Globe Syndicate

Another Way

by Melodie Davis

for release July 7, 2000

When Good People Should Know Better

I needed to give my just-turned-six niece a ride. Anna headed toward the middle seat of our mini-van, but I thought she should ride up front with me. I opened the front door and encouraged her to get in the front seat.

But she inspected the dashboard. "Are there air bags in there?" she asked suspiciously.

I admitted that yes, sure, there were.

"Well then I can't sit here," she said matter-of-factly. Why of course she wasn't supposed to sit in a front seat with air bags. She had been well-taught, and since I don't have small children anymore, I had forgotten this newer safety rule.

Shame on me. Shame on many of us as adults when our kids bring us up short. I was watching TV with a bunch of eighth grade girls. A preview for a movie came on which screamed that it was about sex, and lots of it. The ad finished by saying it was PG-13. "Yeah that sounds like a PG-13 movie," one of them said sarcastically. I cheered silently. Maybe we need our kids telling the movie producers what kinds of movies they would really like to see. Decent entertaining themes for teenagers, but without all the profanity and gratuitous sex. How often have you said of a movie, "Well, they really wouldn't have had to put that scene in there."

I had to think about that when I came across information on a new book called Cuss Control: How to Curb Your Cursing (Three Rivers Press/Random House). This is not from a religious publisher mind you, it is written for anyone regardless of whether they are religious or not-and for that reason perhaps more people will pay attention and listen to it.

Sometimes we who are religious are too timid when it comes to people cursing-not wanting to be thought prudish, old fashioned or out of it.  The author of the book, James V. O'Connor felt that our society has turned into one big locker room of gutter talk. So he founded The Cuss Control Academy ( and offers these common sense explanations of why he's on a personal campaign to get people to rethink their swearing habits. "It gives a bad impression, makes you unpleasant to be with, endangers relationships, it's a tool for whiners and complainers, it reduces respect people have for you, shows you don't have control, it's immature and reflects ignorance."  It is kind of interesting that someone has to point out the reasons swearing is bad.

He further says that swearing contributes to the decline of civility in society, representing the dumbing down of North America; it can turn discussions into arguments, and lead to violence. "It's not just the words, it's the attitude between the words," says O'Connor. "We just keep getting more hostile, more aggressive, more abrasive and more belligerent." How can this be good for maintaining a civil society?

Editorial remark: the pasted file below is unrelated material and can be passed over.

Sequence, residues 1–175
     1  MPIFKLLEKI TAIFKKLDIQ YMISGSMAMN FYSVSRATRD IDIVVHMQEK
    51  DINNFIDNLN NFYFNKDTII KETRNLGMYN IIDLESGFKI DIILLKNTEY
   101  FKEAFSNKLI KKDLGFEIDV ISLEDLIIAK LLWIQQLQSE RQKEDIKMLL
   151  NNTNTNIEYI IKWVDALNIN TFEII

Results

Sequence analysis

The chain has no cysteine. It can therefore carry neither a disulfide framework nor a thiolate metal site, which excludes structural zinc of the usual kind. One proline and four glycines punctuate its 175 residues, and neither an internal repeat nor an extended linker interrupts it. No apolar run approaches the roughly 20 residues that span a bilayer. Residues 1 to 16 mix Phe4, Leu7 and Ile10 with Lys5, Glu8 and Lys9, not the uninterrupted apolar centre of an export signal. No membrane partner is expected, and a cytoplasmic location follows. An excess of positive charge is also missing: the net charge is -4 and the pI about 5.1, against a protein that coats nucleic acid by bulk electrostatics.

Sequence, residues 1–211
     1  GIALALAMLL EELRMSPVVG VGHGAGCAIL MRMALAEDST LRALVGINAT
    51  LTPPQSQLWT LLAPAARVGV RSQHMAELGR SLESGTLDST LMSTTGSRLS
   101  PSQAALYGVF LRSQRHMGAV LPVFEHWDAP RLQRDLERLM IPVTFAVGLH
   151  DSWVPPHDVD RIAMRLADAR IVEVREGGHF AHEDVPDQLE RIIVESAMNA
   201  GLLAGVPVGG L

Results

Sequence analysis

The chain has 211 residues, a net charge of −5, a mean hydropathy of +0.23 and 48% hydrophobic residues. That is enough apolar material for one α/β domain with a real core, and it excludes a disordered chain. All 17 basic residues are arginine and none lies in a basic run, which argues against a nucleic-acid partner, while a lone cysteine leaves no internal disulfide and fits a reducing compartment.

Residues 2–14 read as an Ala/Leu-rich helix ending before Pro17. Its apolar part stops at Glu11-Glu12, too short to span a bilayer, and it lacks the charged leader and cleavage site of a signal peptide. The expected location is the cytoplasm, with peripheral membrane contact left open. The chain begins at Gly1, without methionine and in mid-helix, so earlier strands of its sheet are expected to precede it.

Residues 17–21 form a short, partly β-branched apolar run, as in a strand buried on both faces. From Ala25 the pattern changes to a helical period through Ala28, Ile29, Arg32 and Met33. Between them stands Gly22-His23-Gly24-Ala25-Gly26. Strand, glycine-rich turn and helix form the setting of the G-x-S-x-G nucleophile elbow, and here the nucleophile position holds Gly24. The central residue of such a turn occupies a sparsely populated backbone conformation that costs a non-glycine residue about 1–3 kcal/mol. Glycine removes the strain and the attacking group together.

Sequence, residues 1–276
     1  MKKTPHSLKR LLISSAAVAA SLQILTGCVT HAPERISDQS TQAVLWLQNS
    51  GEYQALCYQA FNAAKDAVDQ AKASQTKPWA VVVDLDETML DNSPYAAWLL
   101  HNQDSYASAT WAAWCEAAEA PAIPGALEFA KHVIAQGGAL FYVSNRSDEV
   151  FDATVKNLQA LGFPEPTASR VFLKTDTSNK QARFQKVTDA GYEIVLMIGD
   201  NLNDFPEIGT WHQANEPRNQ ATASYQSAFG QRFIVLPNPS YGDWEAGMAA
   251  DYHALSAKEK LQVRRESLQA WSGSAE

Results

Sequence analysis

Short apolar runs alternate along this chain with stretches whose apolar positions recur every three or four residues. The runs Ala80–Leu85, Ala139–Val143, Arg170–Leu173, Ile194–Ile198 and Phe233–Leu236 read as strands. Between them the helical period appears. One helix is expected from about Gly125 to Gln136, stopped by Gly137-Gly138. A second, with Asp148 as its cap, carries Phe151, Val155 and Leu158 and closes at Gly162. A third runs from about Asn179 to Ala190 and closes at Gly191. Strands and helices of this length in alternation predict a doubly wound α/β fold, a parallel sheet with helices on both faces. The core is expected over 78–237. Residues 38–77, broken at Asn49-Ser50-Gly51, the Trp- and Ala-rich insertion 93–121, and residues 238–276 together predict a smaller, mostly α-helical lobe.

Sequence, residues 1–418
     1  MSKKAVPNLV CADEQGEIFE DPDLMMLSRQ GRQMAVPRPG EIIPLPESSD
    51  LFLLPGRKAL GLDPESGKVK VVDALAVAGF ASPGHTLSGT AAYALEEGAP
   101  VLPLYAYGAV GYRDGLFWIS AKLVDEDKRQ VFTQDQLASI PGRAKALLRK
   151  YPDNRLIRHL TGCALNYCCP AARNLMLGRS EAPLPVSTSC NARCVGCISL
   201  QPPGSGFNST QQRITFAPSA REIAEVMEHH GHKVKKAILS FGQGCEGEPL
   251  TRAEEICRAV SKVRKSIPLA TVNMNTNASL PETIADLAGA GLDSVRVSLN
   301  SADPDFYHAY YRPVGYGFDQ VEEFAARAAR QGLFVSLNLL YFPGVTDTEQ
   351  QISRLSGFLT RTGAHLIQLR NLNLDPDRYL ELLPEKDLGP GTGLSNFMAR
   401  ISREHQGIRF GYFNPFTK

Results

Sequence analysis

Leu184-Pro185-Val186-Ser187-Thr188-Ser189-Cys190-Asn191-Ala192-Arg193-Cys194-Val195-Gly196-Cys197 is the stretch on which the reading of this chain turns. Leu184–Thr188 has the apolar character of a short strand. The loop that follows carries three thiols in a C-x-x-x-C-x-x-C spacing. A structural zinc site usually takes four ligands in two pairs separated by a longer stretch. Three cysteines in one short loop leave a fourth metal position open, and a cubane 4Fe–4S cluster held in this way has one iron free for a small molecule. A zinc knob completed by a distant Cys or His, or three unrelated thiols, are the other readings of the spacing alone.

But what I like best is his list of how it corrupts the English language: he says it's abrasive, lazy language; doesn't communicate clearly; neglects more meaningful words; lacks imagination and it has lost its effectiveness.

I have often thought about the common expletive which refers to an intimate, loving relationship. Why is that term used as the ultimate put-down? Unless it is referring to rape, then how can the term actually be a put down since it refers to a supposedly loving, positive experience. The expletive, if taken literally, is meaningless.

Thankfully O'Connor doesn't stop with reasons cursing is bad and gives us some tips for taming the tongue. He says a start is to recognize that swearing does damage (to you and others). Start by working on casual swearing: most often it becomes a habit in certain situations. Use alternative words, and make your point politely. He says instead of cussing, practice being more patient.

Like my opening illustration when I needed to be reminded of the dangers of front seat airbags for small children, sometimes we need to be reminded of the dangers of an untamed tongue. A verse in the New Testament book of James sounds an awful lot like Mr. O'Connor, "If you can control your tongue, you are mature and able to control your whole body." (James 3:2).

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Melodie Davis is the author of seven books and has written her column since 1987. She taught feature writing and has won awards from a number of organizations including the National Federation of Press Women, Virginia Press Women and the American Advertising Association. She and her husband have three growing daughters.

NOTES TO EDITORS: text = 720 words; end material = 105 words

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